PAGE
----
News Roundup

Weekly Briefs: BigLaw firm promotes 151 to partner; legal industry adds 4,300 jobs; big gifts to law schools

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Legal industry gains 4,300 jobs

The legal services industry gained 4,300 jobs in September, following a gain of 4,000 jobs in August, according to seasonally adjusted and revised numbers by the U.S. Bureau of Labor Statistics. The legal industry had 1,145,600 jobs in September, a gain of 31,500 jobs since the same month last year. (U.S. Bureau of Labor Statistics news release)

Kirkland promotes 151 lawyers to partner

Kirkland & Ellis has promoted 151 lawyers to partner at its offices worldwide. The law firm has increased the number of partnership promotions every year since 2017, reaching 145 promotions last year. (, Reuters, Kirkland press release)

Donors giving big gifts to law schools

Two law schools recently announced individual gifts of more than $10 million each, from alums who work in finance. Charles Widger, for whom the law school at Villanova University is named, with his wife, Barbara, gave $13 million to the institution. That follows a 2016 gift of $25 million, according to an Oct. 6 news release. A 1973 graduate of the law school, he’s the founder and executive chairman of Brinker Capital, a Pennsylvania investment management firm. His $13 million donation will be used to expand its professional development and leadership program, including the creation of associate dean and director positions. Justin Ishbia, a 2004 graduate of Vanderbilt Law School, donated $10 million to the institution.The gift will be used to strengthen the law school’s position, according to an Oct. 6 news release. Ishbia is a founding partner of Shore Capital Partners, a microcap private equity firm based in Chicago. He’s also a member of the law school’s board of advisors, and in 2015 established a scholarship there. (Press releases here and here)

Ethics charges sought for 2 Trump-associated lawyers

Critics are seeking ethics charges against two lawyers who sought to overturn the 2020 election results. One of the lawyers is John Eastman, a former Chapman University law professor who wrote a memo telling then-Vice President Mike Pence how he could give an election win to Donald Trump when Congress counted Electoral College votes. The other is Jeffrey Clark, a Justice Department official who asked his superiors to send a letter to Georgia officials stating, without support, that the Justice Department had identified significant concerns that may have affected the election outcome. Two retired California Supreme Court justices are among the legal scholars, politicians and former judges seeking an investigation of Eastman. Both the Senate Judiciary Committee and a group of lawyers associated with Lawyers Defending American Democracy are seeking an investigation of Clark. (The Washington Post, here and here, Oct. 5 press release, the Eastman request, the Clark request)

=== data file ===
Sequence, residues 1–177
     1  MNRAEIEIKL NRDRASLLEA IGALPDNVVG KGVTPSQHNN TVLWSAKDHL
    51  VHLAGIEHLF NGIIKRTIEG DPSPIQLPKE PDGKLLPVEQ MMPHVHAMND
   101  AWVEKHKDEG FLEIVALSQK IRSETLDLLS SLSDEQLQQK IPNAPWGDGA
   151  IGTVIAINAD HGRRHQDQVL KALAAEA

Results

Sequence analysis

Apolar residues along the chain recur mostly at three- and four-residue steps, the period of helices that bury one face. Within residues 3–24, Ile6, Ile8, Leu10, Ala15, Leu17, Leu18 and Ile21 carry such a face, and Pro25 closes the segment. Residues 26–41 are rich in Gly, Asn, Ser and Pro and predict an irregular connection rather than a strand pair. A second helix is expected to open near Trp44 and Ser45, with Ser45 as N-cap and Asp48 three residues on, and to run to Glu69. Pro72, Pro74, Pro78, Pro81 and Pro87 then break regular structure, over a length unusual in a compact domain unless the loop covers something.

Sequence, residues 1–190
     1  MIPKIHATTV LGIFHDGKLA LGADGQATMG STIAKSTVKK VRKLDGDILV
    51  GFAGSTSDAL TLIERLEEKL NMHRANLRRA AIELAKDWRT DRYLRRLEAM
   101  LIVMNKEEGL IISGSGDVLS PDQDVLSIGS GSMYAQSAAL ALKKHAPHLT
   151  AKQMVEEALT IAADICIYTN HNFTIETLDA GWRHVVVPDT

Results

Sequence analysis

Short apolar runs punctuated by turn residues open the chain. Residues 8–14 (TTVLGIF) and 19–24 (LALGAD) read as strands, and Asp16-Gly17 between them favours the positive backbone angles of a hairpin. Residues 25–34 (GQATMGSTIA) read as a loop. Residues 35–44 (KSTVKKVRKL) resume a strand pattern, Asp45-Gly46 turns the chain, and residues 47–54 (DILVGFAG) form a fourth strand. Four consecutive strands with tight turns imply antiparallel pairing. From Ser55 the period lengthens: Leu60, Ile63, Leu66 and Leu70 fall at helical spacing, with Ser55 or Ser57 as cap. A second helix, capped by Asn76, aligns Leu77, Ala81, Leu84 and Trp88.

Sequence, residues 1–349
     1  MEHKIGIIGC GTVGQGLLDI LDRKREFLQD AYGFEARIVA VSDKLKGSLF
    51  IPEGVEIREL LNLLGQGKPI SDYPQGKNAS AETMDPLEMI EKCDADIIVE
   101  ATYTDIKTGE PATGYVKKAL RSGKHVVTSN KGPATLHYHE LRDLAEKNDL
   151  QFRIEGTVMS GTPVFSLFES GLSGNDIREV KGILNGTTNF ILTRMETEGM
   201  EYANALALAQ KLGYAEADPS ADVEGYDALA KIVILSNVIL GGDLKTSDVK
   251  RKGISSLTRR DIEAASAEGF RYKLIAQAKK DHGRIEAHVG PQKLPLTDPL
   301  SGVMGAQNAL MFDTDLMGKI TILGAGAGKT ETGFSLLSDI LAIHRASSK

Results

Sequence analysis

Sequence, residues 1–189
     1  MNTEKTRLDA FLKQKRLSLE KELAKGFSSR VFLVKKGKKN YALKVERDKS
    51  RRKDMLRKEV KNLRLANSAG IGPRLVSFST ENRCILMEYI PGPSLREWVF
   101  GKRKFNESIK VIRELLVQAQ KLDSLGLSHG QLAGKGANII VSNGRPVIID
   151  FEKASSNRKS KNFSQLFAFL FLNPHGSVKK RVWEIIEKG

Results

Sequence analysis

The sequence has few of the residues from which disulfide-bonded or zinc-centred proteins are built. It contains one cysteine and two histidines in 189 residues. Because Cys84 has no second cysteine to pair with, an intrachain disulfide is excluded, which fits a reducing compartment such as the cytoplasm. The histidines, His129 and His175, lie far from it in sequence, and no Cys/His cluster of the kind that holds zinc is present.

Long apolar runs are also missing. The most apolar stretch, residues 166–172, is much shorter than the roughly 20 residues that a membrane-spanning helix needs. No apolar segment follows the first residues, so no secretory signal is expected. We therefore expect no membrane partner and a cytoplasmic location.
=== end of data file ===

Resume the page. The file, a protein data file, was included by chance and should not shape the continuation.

GRE as LSAT substitute needs more study, report says

More study is needed before the Graduate Record Examination is fully embraced as an alternative to the Law School Admission Test in law school admissions decisions, according to a report commissioned by the ABA Section of Legal Education and Admissions to the Bar. (The September report, Reuters)

DC Circuit tosses appeal by fired Quinn Emanuel associate

The U.S. Court of Appeals for the District of Columbia Circuit has tossed an appeal by Crystal Nwaneri, who sued for alleged racial and gender bias after her firing by Quinn Emanuel Urquhart & Sullivan. A federal judge tossed Nwaneri’s suit after she missed a series of deadlines in the case. The problems persisted at the appellate level, according to the D.C. Circuit. Nwaneri missed deadlines and failed to file an opening brief. (Reuters, the D.C. Circuit’s Oct. 6 order)

HHS reverses ban on federal funding for abortion referrals

The U.S. Department of Health and Human Services has reversed a Trump administration rule that barred abortion referrals by programs that receive federal funds under Title X for family planning. (The New York Times, the Washington Post, HHS press release)

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